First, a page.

Hysterical!  He even offers pearls of bus driver wisdom in how to cope with difficult people (and he ought to know):

Bus drivers collect flip offs like office people collect paperclips. Usually I just laugh to my self. If people on the bus see it I announce that “If we get ten of those in a day they let us go home early.” If I have to respond here is what I do. First I make the Ozzy Osborn sign with my hand. Some people call it devil horns, I think its American sign language for love. I touch my middle finger to the tip of my nose..go on do it now…you know you want to. Then I rotate my pinky up and down like some sort of crazy pump and without removing my index finger… Yes you got it. I will usually get puzzled looks of “What ever” but it almost always turns off the anger and flips the confusion switch.

Turn off the anger and flip the confusion switch – wisdom indeed.  Of course, he reveals the secrets of bus driver culture and camaraderie:

Of all the parts of my job that I love, the most top is the Bullpen. This is the big room all the drivers gather in at the start and end of their shifts. They call it the bullpen because the bull$&@# is piled high and deep here. I think every bus yard all over the world has their version of the Bullpen and our Bullpen at Powell garage in Portland Oregon is great… Without the atmosphere of Powell and the good people I work with this job would not be worth it. I think there is little worry about that ever happening.

Even Dan’s ratings system is thoughtful and unique.  You can rate each post as: “Bacon-worthy (10) — Cheese worthy (3) Beer worthy (2) or Unworthy (0)”.  How can you not love a blog that has a rating system that includes bacon, cheese and beer?!

As I mentioned earlier, the blog isn’t the most visually appealing (and there are more than a few typo and spelling errors).  But it is forgivable because the content is so good.  It has one lonely widget suspended in empty space on the left column of the site which, ordinarily, might seem puzzlingly skimpy (why only one widget when there are hundreds out there to choose from and plenty of room on your page?).  It turns out that one lone widget is powerful and effective precisely because it is the only widget on the page and its content (a slide show of photos Dan takes driving his bus including fellow bus drivers and customers) is like the cherry on a huge piece of moist double-chocolate cake.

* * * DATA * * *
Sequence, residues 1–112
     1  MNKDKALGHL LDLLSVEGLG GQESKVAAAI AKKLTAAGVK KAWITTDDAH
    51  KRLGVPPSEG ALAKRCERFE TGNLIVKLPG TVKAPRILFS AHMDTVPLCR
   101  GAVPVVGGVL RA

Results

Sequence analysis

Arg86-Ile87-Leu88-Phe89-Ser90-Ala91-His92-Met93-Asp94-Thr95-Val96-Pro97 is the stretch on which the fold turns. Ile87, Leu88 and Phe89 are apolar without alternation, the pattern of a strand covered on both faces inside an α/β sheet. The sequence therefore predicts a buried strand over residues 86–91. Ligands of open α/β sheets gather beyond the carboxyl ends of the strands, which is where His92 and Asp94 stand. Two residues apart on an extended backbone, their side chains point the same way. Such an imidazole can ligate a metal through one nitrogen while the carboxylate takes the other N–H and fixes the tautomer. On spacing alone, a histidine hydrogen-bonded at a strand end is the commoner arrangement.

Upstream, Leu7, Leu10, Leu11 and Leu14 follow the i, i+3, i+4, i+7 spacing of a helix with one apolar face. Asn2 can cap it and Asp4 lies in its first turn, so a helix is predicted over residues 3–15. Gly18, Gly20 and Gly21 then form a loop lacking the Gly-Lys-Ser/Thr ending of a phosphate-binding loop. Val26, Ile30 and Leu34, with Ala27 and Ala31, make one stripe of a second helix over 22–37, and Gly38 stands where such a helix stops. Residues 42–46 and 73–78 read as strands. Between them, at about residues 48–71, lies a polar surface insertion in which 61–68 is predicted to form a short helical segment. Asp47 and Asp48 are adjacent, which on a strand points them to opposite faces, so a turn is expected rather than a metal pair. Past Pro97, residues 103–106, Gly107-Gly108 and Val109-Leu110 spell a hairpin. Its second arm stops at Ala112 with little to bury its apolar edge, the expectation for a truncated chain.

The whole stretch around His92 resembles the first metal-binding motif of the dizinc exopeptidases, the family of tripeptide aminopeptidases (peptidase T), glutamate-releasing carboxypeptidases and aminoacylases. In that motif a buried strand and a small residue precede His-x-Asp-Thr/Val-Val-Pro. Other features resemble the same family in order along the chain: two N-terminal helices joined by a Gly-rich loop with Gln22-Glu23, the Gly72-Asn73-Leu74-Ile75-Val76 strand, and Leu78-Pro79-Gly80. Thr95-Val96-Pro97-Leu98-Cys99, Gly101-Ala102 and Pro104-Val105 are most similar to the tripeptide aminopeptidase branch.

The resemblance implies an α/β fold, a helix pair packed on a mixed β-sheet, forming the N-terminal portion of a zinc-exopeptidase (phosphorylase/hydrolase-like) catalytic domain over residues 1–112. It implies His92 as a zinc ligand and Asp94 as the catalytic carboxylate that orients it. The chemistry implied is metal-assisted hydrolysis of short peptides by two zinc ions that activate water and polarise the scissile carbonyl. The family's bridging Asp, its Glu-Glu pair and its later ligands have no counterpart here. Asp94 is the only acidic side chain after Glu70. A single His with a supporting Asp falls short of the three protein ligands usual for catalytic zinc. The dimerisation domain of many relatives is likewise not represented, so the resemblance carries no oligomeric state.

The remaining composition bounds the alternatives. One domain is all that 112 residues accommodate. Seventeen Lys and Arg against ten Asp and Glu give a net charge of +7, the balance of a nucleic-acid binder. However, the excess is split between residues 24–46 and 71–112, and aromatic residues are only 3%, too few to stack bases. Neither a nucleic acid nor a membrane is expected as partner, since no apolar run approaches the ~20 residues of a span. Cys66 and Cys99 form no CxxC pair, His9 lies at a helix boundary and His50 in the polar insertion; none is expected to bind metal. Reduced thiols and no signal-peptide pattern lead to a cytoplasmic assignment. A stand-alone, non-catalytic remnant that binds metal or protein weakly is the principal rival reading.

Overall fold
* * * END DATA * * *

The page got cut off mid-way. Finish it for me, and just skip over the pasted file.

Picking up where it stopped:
Dan and his blog are a throwback to the birth of the blogosphere when blogs were personal diaries from ordinary folks who just wanted to share their life experiences in the purest sense (void of any desire for web fame or huge followings or SEO gold). Their online personal journals revealed just as much about us as it revealed about them and we loved them for that.

I imagine that if Ralph Kramden were of this age, he would have a blog exactly like Dan’s (except with an added section for his harebrained, get-rich-quick schemes). I hope Dan doesn’t mind the comparison, but he is a modern-day Ralph Kramden.  For all of Ralph Kramden’s faults and dreams of success that always came crashing down from the stratosphere of his hopes to the reality of his life, we always rooted for (and empathized with) him because he loved his wife, his best friend and, yes, his blue collar job.  And even though it often frustrated him, he did his job with integrity and a genuine love for the people and the responsibility bestowed upon him.

Thank you Dan Christensen. Trimet Confidential is definitely Bacon-worthy.

You can visit Dan’s blog here and follow on Twitter here.


The Honeymooners only ran from October 1, 1955 to September 22, 1956?  It was the #2 show in the country (behind The Perry Como Show which reigned at #1).  The Honeymooners quickly dropped to #12 and was canceled after only 39 episodes (trounced by other more popular shows including Perry Como).  Today, if you asked ask the average 20-something year old to explain what the Perry Como Show is, you’re likely to get a blank stare for an answer.  But if you ask that same 20-something about The Honeymooners the answer will likely be detailed and at least elude to them having seen it before or telling you that it’s still on the air somewhere.  To this day, over 50 years after it was canceled, the Honeymooners is still on the air and is considered one of the quintessential examples of the classic American television comedy.